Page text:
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Terms in this set (28)
If the government spends more money than it collects in taxes.
Public plans or courses of action that concern internal issues of national importance, such as poverty, crime, and the environment.
Federal Open Market Committee
The most important monetary policy-making body of the Federal Reserve System responsible for developing monetary policies to promote economic growth, full employment, and stable prices
Federal Reserve System
A national banking system, established in 1913, that controls the U.S. money supply and the availability of credit in the country.
A government policy for dealing with the budget (especially with taxation and borrowing)
Gross Domestic Product
The dollar amount of all final goods and services produced within a country's borders in a year.
Gross Public Debt
the net public debt plus inter-agency borrowings within the government
The number of persons held in jail or prison for every 100,000 persons in a particular population group.
A general increase in prices
A school of economic thought that tends to favor active federal government policy making to stabilize economy-wide fluctuations, usually by implementing discretionary fiscal policy.
A legal method by which individuals and businesses are allowed to reduce the tax liabilities they owe to the government.
loose monetary policy
Monetary policy that makes credit inexpensive and abundant, possibly leading to inflation.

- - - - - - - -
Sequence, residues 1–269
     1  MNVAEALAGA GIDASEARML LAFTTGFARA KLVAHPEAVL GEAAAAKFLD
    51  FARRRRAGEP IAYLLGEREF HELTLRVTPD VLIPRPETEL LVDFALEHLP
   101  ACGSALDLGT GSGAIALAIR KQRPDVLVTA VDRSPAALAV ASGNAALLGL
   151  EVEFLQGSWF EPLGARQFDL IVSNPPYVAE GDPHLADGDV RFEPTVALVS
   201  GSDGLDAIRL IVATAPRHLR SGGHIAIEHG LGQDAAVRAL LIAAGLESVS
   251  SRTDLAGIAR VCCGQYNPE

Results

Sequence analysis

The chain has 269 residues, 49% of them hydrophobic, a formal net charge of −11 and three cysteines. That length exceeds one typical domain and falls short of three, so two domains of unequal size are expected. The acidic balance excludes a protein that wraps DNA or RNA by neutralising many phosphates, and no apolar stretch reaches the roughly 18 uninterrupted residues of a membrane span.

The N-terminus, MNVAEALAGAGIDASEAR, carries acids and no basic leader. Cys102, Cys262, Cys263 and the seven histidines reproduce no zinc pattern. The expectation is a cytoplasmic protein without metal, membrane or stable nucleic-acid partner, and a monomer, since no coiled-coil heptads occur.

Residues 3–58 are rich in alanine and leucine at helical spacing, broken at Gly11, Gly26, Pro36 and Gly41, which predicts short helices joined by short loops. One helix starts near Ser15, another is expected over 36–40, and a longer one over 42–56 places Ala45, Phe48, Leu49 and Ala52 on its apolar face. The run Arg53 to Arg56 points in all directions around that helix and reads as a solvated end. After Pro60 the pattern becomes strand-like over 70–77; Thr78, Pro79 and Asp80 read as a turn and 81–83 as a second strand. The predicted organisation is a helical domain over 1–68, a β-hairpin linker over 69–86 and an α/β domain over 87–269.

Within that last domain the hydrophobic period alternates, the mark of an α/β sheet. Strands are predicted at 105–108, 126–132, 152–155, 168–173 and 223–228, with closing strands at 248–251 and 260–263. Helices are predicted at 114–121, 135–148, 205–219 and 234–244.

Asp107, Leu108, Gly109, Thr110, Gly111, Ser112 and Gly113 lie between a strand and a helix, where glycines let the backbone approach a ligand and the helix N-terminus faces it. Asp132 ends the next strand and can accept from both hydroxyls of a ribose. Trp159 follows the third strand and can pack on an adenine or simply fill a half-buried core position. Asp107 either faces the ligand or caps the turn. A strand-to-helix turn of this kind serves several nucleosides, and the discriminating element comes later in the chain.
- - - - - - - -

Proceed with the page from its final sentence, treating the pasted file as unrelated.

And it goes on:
A federal health-insurance program that covers U.S. residents over the age of sixty-five. The costs are met by a tax on wages and salaries.
A federal and state assistance program that pays for health care services for people who cannot afford them
Government policy that attempts to manage the economy by controlling the money supply and thus interest rates.
The danger that protecting an individual or institution from the consequences of failure will encourage excessively risky behavior.
net public debt
The accumulation of all past federal government deficits; the total amount owed by the federal government to individuals, business, and foreigners.
In health-care reform, the requirement that all citizens obtain health-care insurance coverage from some source, public or private
Patient Protection and Affordable Care Act
A law passed in 2010 that seeks, among other things, to ensure health-care insurance for American citizens. The act is supplemented by the Health Care and Education Reconciliation Act and nicknamed "Obama care" by opponents and journalists
A tax that rises in percentage terms as incomes rise
Public debt, or national debt
The total amount of debt carried by the federal government
In health-care reform, a government-run health-care insurance program that would compete with private-sector health-insurance companies
Two or more successive quarters in which the economy shrinks instead of grows
A tax that falls in percentage terms as incomes rise
tight monetary policy
Monetary policy that makes credit expensive in an effort to slow the economy
U.S. Treasury securities - bills, notes, and bonds. Debt issued by the federal government
The inability of those who are in the labor force to find a job; the number of those in the labor force actively looking for a job, but unable to find one.
Universal health insurance
Any of several possible programs to provide health insurance to everyone in the country. The central government does not necessarily provide the insurance itself, but may subsidize the purchase of insurance from private insurance companies.
THIS SET IS OFTEN IN FOLDERS WITH...
Political Science Ch 4
Political Science Ch 5
Political Science Ch 7
Political Science Ch 8
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